Researchers from the University of Alabama at Birmingham and Aalto University have found vulnerabilities in a recently proposed user-verification security system for computers.
This new security system, developed by Dartmouth College researchers, was created in response to a need for easy-to-use systems that determine whether someone is, in fact, who he or she is declaring to be -- a process known as authentication.
"In our technologically based society, we need a password to do just about everything -- from banking to communicating," said Nitesh Saxena, Ph.D., the director of the Security and Privacy In Emerging computing and networking Systems (SPIES) lab and associate professor of computer and information sciences in UAB's College of Arts and Sciences. "Because people often have trouble remembering all of their various passwords for different platforms, there is a lot of value in identifying simple, yet secure, ways to log in and log out of whatever it is we are doing."
It is particularly crucial in multiuser organizations, such as hospitals involving confidential patient information, to prevent one person from using someone else's login session, even accidentally.
"The security community has made progress toward achieving the right authentication system," Saxena said. "But designing one that is both user-friendly and secure is not an easy task."
Researchers from Dartmouth College sought to address this issue and create secure, user-friendly authentication, through the development of ZEBRA, or Zero-Effort Bilateral Recurring Authentication. Zero-effort authentication systems such as ZEBRA take the user out of the equation so that little to no user effort is required to ensure secure sessions.
The new system was designed to address potential security problems with deauthentication, when ideally, the user's device logs out or locks itself promptly after exiting a session. ZEBRA offers a zero-effort method of deauthentication through continuously authenticating a logged-in user by comparing what the user is doing on a device, such as a computer terminal, with measurements from a wrist-worn bracelet.
In the ZEBRA system, every user is required to wear a Bluetooth-enabled bracelet, similar to a Fitbit, and the system knows who is wearing which bracelet. When the user logs into a device the first time, the system establishes a secure connection to the bracelet. While the user interacts with the device, the bracelet will send the measurements generated by the interactions over to the device. The device then uses a machine learning classifier to map those actions into a sequence of predicted interactions.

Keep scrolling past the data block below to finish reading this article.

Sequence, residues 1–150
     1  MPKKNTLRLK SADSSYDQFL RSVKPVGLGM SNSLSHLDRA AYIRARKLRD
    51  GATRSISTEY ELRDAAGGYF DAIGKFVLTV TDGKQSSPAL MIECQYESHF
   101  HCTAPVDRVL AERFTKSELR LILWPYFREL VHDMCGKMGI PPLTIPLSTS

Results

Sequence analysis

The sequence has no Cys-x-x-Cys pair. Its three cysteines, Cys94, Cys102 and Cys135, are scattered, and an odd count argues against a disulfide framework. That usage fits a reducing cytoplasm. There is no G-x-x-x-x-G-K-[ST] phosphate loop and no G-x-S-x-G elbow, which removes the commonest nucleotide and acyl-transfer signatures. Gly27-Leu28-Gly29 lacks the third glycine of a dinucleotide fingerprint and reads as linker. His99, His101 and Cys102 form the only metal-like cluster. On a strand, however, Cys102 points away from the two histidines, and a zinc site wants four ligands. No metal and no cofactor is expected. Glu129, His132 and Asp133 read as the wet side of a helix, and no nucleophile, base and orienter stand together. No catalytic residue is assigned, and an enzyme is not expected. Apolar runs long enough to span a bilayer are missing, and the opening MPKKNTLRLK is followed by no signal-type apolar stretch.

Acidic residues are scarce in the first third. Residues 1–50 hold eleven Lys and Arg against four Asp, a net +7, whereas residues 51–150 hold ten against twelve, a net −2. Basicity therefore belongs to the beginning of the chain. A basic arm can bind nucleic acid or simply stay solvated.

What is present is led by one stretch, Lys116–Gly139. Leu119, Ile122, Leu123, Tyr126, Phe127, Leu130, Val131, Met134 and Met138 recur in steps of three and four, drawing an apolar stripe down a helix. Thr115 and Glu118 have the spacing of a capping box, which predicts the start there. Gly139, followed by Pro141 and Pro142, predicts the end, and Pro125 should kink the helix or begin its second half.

"Now the device has two different, bilateral views of the same phenomenon: The first is the sequence of direct interactions, and the second is the sequence of predicted interactions inferred from the measurements," said N. Asokan, a professor from the Aalto University Department of Computer Science. "If the two sequences match, ZEBRA can conclude that the person who is interacting with it is the same person who is wearing the right bracelet for the current login session. On the contrary, if the sequences diverge, ZEBRA can promptly and automatically deauthenticate the current login session."
The UAB and Aalto University study, which was funded by the National Science Foundation and the Academy of Finland, shows that, although ZEBRA, a system intended to enable prompt and user-friendly deauthentication, works very well with honest people, opportunistic attackers can fool the system, Asokan explains.
In the study, 20 test participants played the roles of victims while the researchers acted as attackers. The attackers mimicked what the victims were doing on their devices.
"We wanted to evaluate whether or not ZEBRA could be defeated, to measure how secure it would be when faced with someone actively attempting to hijack a user's login session," Saxena said. "We found that an opportunistic attacker can take advantage of the user quite easily."
The opportunistic attacker can choose to be near the victim and see or hear what the victim is doing and decides what interactions to mimic. For instance, a keyboard-only attacker can stop typing before the victim does and ignore everything but the user's keyboard interactions.
"When the attacker accessed a computer with an open session and carefully chose what he did on the computer, ZEBRA was not able to log him out," Asokan said. "In fact, opportunistic attackers evaded detection 40 percent of the time, mimicking the victim only when he or she thought that it would be successful."
Although susceptible to opportunistic adversaries, ZEBRA still performs well against accidental misuse by innocent adversaries.
"Modeling what an attacker can do is difficult. We point to how inadequate modeling of the attacker can lead to incorrect conclusions about the security of a system," Asokan said. "With a realistic attacker model in place, shortcomings in a system will become more apparent and can be addressed."
This joint work between Aalto University and UAB is being presented today at the 2016 Network and Distributed System Security Symposium in San Diego. Graduate students Prakash Shrestha from UAB and Otto Huhta, Mika Juuti and Swapnil Udar of Aalto University co-wrote the paper with Asokan and Saxena.
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